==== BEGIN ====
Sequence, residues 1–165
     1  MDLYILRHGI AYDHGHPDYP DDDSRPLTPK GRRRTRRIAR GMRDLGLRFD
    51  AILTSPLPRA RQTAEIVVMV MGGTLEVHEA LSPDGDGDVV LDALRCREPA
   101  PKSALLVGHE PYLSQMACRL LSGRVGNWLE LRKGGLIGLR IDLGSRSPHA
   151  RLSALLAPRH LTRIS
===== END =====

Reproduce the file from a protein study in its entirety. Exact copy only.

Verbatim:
Sequence, residues 1–165
     1  MDLYILRHGI AYDHGHPDYP DDDSRPLTPK GRRRTRRIAR GMRDLGLRFD
    51  AILTSPLPRA RQTAEIVVMV MGGTLEVHEA LSPDGDGDVV LDALRCREPA
   101  PKSALLVGHE PYLSQMACRL LSGRVGNWLE LRKGGLIGLR IDLGSRSPHA
   151  RLSALLAPRH LTRIS